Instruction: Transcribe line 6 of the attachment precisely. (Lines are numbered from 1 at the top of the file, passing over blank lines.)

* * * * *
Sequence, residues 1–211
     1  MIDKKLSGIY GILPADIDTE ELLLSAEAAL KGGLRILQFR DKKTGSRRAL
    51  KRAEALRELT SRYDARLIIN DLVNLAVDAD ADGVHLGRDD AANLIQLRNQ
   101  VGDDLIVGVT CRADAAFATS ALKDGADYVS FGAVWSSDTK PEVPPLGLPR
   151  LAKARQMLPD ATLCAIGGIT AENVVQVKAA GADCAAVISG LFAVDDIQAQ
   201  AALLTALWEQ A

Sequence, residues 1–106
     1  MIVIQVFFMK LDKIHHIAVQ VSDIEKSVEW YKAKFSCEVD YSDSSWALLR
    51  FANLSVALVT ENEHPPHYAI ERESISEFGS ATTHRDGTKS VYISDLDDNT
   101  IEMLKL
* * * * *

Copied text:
   201  AALLTALWEQ A